The beer is flowing, the party is jumping, the music is blasting and the hallways are overflowing with people. It’s Friday night, and house and fraternity parties are happening all over campus, just like always. But what if something goes wrong?

Shabina Khatri
Nursing school sophomore Brad Braggons runs down a fire escape of Alpha Tau Omega fraternity. Concern over whether clubs and fraternities are prepared for fires was heightened after a blaze killed more than 90 people at a Rhode Island

Concern over safety at house parties, fraternity parties and area bars and clubs has risen in the last month, due to the two tragedies that occurred in clubs in Chicago and Rhode Island.

More than 20 people were killed and 50 people were injured in Chicago last month after someone sprayed a can of Mace to stop a fight at the nightclub E2 that failed to meet safety regulations. The incident was followed by another tragedy just days later when more than 90 people died in a Rhode Island club after a band used pyrotechnics during its show. The pyrotechnics started a fire, which panicked club-goers who were unable to escape due to the overcrowding of people inside the building.

Although LSA junior Melinda Hathaway said she feels many parties are overcrowded, she remains unconvinced an incident such as the ones that occurred in Rhode Island and Chicago could happen in Ann Arbor.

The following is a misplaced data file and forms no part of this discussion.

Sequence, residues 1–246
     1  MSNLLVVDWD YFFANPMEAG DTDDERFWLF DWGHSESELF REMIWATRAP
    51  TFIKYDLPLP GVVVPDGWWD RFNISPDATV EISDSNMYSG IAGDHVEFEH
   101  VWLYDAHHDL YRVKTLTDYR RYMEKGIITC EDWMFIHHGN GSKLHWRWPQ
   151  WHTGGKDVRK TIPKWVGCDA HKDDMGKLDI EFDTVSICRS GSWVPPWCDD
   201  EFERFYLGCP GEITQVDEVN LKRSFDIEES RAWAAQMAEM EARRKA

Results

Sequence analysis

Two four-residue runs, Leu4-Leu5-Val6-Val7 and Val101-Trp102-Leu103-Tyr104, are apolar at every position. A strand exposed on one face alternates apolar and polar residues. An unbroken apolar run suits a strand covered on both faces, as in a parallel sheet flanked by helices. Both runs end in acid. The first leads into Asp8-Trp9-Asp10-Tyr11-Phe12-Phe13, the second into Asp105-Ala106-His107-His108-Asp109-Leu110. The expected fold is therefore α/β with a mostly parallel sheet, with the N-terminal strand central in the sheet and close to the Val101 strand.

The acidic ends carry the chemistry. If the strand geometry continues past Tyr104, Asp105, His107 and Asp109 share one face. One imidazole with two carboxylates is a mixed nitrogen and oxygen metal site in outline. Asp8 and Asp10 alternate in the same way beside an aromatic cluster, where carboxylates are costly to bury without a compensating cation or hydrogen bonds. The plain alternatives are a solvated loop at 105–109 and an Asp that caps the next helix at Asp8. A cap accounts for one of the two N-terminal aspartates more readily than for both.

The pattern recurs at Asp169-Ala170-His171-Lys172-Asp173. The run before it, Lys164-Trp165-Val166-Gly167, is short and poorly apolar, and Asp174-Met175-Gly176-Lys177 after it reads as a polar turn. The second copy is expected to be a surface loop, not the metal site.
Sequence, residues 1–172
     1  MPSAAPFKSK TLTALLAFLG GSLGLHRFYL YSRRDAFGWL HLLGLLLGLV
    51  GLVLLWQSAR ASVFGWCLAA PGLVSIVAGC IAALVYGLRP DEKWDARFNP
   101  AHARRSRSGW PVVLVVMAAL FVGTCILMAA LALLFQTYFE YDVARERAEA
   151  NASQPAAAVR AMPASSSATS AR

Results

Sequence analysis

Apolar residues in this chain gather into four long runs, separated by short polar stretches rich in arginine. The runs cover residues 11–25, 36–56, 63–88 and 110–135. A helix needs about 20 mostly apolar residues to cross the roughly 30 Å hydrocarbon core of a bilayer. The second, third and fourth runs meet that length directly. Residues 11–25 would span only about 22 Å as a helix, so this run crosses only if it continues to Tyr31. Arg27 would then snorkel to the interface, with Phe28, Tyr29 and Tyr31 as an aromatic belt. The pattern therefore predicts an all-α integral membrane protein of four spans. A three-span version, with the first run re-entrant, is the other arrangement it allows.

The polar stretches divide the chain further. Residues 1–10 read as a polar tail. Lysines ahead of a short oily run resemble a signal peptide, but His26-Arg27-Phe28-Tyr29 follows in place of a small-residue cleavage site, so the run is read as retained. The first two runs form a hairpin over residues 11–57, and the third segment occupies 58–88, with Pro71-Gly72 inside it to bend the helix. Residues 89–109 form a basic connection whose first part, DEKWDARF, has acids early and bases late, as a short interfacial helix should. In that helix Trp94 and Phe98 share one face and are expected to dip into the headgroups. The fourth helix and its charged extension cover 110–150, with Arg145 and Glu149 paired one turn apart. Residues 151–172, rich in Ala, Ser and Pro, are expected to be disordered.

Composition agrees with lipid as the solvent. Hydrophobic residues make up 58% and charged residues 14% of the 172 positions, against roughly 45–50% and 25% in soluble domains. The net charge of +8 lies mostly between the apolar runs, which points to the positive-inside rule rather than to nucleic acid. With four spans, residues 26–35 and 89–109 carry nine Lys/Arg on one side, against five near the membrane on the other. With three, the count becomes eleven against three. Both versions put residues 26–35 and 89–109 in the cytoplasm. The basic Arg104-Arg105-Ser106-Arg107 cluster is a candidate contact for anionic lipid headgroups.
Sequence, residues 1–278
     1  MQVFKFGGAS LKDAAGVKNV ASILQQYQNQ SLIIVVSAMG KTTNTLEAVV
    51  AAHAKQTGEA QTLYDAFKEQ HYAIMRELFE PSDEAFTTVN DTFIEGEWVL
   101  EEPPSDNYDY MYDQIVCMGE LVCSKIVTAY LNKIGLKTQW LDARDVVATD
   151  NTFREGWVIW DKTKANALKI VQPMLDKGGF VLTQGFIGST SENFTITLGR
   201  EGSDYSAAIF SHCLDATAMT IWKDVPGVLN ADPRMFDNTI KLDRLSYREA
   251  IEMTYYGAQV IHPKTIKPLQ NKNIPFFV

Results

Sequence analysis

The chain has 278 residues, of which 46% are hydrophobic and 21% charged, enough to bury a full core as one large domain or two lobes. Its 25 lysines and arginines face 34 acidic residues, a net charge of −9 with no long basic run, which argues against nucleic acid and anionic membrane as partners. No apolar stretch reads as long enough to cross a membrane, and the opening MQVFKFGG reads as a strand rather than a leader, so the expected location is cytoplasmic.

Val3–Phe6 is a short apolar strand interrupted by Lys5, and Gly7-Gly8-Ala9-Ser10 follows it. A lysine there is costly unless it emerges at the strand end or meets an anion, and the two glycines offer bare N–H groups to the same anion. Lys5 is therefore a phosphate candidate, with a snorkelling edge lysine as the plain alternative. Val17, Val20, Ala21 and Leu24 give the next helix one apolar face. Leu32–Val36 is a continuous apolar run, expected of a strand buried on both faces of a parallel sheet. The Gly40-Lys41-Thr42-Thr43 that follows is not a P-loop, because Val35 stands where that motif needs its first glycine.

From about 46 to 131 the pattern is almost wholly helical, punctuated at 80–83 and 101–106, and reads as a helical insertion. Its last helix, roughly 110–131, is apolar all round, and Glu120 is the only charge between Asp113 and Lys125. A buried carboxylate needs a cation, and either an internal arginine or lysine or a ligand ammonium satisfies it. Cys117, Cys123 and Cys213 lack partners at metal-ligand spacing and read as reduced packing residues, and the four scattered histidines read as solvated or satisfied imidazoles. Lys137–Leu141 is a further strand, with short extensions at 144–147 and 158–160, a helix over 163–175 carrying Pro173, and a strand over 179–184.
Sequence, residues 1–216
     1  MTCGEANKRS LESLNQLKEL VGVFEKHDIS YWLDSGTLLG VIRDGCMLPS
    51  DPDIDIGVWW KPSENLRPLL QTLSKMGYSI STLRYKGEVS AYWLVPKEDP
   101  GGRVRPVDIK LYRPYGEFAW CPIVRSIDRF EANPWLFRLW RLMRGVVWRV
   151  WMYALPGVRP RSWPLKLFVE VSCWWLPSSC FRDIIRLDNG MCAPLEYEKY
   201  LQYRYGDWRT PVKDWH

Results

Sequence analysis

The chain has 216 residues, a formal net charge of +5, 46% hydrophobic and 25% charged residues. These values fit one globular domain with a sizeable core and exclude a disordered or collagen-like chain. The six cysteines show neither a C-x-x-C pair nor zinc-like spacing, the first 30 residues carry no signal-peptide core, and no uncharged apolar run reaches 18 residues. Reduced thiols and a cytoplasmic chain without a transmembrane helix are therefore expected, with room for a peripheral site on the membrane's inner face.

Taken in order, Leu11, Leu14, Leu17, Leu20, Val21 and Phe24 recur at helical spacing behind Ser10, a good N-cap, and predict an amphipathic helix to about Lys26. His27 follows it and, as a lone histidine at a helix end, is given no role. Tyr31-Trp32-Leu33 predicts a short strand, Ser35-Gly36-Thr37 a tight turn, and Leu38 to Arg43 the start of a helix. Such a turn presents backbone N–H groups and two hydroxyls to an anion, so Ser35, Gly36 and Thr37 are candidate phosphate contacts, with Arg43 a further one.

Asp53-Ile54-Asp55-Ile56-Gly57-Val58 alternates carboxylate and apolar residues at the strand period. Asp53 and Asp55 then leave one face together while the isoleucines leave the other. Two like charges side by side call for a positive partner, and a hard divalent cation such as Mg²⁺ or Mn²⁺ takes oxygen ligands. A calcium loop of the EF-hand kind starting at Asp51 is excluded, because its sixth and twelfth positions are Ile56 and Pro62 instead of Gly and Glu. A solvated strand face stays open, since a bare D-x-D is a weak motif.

“You do get pushed around a lot and you don’t really know the best way around the house, because it’s not your house,” Hathaway said. “I guess you never know what is going to happen … but nothing bad has ever happened at any house party I’ve ever been to, so it’s hard to me to imagine people being rude and inconsiderate and trampling over each other to push their way out of a house.”

But Ann Arbor fire inspectors said there is more danger involved with house and fraternity parties than people are aware of. They also said that, due to budget and departmental cuts and the lack of a permanent fire chief, many of Ann Arbor’s bars and clubs have not been inspected for fire safety standards in several years.

Ann Arbor City Fire Inspector Doug Warsinski said the most important factors when determining the safety of a club or bar are the number of exits in the building, whether or not they are obstructed in any way and are easily identifiable, the existence of a sprinkler system, the type of insulation being used and the material that composes the building.

Warsinski added that though inspections are not occurring as regularly as they should, the majority of Ann Arbor clubs and bars are still safer than The Station, where the Rhode Island incident took place.

“Anytime there is a large crowd and an emergency takes place – fire or other – it creates a dangerous situation because people panic,” he said. “The Rhode Island club was in a wood-frame structure that was not suppressed and they used sound-proofing material that was highly flammable. Many of Ann Arbor’s clubs are in better-constructed structures overall, and many of them have automatic sprinkler systems.”

Ann Arbor Police Department Sgt. Craig Flocken said the city processes anywhere from five to 10 Michigan liquor control violations per month, some of which include fire safety violations.

For example, Touchdown Caf

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